CALGARY: The Justice Centre for Constitutional Freedoms has released a new Charter analysis outlining why Canadians need not fear Covid to the extent the federal and provincial governments’ draconian restrictions would imply. The Report: “Covid in Canada: Nothing much to fear” explains why the ongoing violations of Charter rights and freedoms are not justified by facts and evidence.
This new Report presents ten reasons why government lockdowns and restrictions are not proportionate or reasonable in light of the facts about Covid:
1. Covid simply isn’t the unusually deadly killer that it’s made it out to be.
In 2020, more than 309,000 Canadians died. Adjusted for population growth, this number is consistent with previous years.1 Of these 309,000 deaths, only about five per cent were linked to Covid. There was an alarming surge in non-Covid deaths in western Canada, especially among younger men Covid has only a negligible impact on life expectancy.
2. Covid has little impact on overall life expectancy.
The average age of death for all Canadians in 2018 was 81.95 years.2 Statistics Canada has yet to publish the average age of death of Canadians in 2020 who died with Covid. However, available death-by-age data from Canadian provinces consistently shows the majority of Covid-related deaths occur in ages older than average life expectancy.
3. The Covid survival rate is 99.77 percent.
A meta-analysis3 by Dr. John Ioannidis of seroprevalence studies shows the median infection survival rate from Covid infection is 99.77%. For Covid patients under the age of 70, the survival rate is even higher, 99.95%.
4. If you are young and healthy, you are more likely to die in a car accident than with Covid.
Of the 22,475 Canadians who died with Covid between March 8, 2020 and March 19, 2021, only 304 – 1.4% – were under the age of 50. In contrast, almost 90 per cent of deaths with Covid were over the age of 70 and nearly 70% were over the age of 80, (which for men is beyond typical expectancy.) Among Canadian men under 50, traffic accidents cause higher mortality.
5. The 'cases' reported by media do not refer to sick people
Although there were 572,982 ‘cases’ in Canada during 2020, the majority were not actually ill or experiencing any symptoms. Rather, these ‘cases’ refer to people who tested positive on a PCR test, the accuracy of which has been seriously questioned by medical doctors and infectious disease specialists. Of those Canadians who did show symptoms, most experienced it as a mild or severe flu, and very few required hospitalization.
6. The number of severely symptomatic cases is very low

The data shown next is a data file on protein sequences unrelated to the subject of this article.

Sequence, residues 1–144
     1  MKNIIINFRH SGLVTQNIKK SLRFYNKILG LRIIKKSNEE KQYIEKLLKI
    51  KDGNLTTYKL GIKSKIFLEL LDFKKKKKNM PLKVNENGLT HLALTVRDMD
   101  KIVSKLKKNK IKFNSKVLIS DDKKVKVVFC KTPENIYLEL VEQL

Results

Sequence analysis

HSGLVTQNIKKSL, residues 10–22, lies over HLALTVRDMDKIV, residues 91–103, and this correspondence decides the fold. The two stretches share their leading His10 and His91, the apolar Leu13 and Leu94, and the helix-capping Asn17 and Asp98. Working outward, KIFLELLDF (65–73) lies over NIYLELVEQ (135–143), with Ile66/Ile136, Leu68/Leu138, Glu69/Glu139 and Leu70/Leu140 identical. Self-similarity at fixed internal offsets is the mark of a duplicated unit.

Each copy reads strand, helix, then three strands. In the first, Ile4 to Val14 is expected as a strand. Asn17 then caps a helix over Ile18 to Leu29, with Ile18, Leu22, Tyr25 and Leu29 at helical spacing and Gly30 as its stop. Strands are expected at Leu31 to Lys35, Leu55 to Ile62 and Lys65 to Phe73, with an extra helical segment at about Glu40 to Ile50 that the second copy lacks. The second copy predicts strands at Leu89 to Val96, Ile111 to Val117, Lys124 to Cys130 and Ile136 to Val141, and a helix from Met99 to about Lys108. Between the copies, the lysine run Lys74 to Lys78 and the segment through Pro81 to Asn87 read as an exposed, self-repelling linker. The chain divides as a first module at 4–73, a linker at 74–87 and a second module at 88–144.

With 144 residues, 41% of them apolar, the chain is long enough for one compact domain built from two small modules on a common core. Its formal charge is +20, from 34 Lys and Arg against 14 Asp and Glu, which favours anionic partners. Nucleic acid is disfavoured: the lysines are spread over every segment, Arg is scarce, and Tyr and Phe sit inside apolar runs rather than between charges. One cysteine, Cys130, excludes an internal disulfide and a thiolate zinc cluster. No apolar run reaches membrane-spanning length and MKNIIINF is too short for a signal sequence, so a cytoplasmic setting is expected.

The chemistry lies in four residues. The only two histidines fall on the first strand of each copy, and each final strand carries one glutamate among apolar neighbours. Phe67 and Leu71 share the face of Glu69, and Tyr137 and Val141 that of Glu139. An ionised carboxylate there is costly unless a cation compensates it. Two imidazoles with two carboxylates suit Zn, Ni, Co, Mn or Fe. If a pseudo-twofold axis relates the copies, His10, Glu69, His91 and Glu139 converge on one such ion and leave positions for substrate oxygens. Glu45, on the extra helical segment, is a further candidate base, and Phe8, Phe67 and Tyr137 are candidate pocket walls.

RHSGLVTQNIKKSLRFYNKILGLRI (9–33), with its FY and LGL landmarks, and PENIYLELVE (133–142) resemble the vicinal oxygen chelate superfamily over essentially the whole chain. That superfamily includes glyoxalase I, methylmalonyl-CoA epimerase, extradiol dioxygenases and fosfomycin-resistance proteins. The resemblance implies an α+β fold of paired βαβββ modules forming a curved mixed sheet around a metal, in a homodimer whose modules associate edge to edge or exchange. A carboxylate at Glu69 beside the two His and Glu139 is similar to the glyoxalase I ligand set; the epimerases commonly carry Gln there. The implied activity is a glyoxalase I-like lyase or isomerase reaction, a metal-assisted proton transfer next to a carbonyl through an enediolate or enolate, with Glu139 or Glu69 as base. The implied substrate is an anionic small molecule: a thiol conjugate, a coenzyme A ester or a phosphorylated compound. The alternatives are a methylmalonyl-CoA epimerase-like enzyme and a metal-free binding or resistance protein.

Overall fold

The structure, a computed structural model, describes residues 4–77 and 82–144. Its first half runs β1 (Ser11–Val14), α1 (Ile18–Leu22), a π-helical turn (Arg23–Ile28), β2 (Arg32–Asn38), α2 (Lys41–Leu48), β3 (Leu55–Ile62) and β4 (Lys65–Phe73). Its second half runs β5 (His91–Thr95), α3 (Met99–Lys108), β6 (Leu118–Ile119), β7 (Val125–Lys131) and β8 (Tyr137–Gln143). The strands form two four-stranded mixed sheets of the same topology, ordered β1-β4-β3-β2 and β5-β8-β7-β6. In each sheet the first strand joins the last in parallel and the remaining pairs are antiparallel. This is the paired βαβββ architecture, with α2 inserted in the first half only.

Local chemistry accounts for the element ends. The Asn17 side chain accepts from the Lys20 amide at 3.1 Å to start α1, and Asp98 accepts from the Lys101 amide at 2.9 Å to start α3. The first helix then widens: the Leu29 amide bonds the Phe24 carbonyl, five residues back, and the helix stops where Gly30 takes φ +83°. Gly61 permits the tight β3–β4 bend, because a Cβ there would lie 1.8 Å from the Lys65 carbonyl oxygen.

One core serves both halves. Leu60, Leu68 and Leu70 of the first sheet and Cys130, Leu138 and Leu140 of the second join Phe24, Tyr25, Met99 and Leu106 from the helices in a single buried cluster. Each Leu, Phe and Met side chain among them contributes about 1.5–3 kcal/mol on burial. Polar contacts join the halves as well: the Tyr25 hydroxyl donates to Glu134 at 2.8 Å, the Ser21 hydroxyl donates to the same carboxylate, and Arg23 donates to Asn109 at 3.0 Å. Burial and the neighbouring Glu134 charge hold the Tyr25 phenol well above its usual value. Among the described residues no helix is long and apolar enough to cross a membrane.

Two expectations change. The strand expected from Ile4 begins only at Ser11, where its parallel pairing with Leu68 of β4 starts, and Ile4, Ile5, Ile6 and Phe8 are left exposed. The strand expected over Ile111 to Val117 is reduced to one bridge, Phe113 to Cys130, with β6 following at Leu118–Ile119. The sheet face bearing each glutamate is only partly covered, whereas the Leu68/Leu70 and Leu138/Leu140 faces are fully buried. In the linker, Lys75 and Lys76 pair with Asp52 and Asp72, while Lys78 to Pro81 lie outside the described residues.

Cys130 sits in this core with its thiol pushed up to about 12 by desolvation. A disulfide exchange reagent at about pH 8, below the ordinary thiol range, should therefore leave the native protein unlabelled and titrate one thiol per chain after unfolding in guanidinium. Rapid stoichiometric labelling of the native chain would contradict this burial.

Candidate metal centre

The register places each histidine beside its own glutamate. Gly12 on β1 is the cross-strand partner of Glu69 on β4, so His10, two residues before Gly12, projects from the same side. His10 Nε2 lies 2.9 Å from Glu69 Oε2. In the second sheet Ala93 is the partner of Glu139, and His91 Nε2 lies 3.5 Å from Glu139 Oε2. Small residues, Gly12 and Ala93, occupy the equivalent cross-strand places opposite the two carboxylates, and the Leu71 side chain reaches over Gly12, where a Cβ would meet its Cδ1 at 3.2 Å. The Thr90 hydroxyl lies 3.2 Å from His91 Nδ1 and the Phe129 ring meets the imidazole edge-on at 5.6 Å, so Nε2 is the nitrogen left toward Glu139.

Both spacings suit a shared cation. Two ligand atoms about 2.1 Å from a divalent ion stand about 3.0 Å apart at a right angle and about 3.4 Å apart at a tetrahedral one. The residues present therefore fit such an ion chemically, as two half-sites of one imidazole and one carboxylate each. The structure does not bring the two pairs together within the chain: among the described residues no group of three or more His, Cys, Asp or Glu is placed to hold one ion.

By March 19, 2021, the total number of positive PCR test results (‘cases’) had grown to 916,844. Statistics Canada offered detailed information on 71 per cent of these. Only slightly more than seven per cent required hospitalization, and approximately 1.4% of the 916,844 were admitted to ICU. As one would expect, nearly two thirds of ICU admissions were above the age of 60.
7. Asymptomatic spread isn't significant.
Lockdown restrictions are based for the most part in the belief that the virus can be passed from people showing no symptoms – asymptomatic carriers – to uninfected individuals. However, research suggests that about 20% of people diagnosed with Covid are asymptomatic4, and asymptomatic patients passed on Covid to other members of their households in only 0.7% of instances.5
Even symptomatic patients are infectious for only the first eight days after symptom onset. Beyond the ninth day there is no evidence of a live virus.6
In short, asymptomatic individuals are not dangerous spreaders.
8. Infection Fatality Rates confirm there is little danger
The U.S. Centre for Disease Control has determined the Infection Fatality Rate of Covid for various age groups.
In its Current Best Estimate, the CDC proposes for different age-groups:
0-17: 20 deaths per million infections (or 0.002%)
18-49: 500 deaths per million (or 0.05%)
50-64: 6,500 deaths per million (or 0.65%)
65 and over: 90,000 (or 9%)
In other words, older people are significantly more vulnerable to Covid than younger people. When younger people do pick it up, their survival prospects are excellent and symptoms generally mild.
9. Casual contact is not enough to transmit Covid
The New England Journal of Medicine reported that significant exposure to Covid was defined as “face-to-face contact within 6 feet of a person with COVID-19 that is sustained for at least a few minutes (and some say more than 10 minutes or even 30 minutes).”8 There is little risk of catching Covid from a casual encounter in a public place.9
10. The "science" isn't that settled
"When you don't have the data and you don't have the actual evidence, then you've got to make a judgement call."
This was Dr. Anthony Fauci’s response to a question asked by CNN’s John Berman on March 10, 2021, about the Biden administration’s promise to make its decisions based on science: “What’s the science behind not saying it’s safe for people who have been vaccinated – received two doses – to travel?”
“The numbers don’t justify the governments’ overreach in the restriction of Charter freedoms, or the ruinously expensive governmental response, or continued public fear of the virus,” states lawyer and Justice Centre president John Carpay.
“Of 38 million Canadians, very few are going to get sick. Almost all who get sick will get over it. As a country we need to protect those of our elderly citizens who are genuinely vulnerable, while the rest of us have our Charter freedoms restored to us, get back to work, and get back to living life and enjoying it,” continues Mr. Carpay.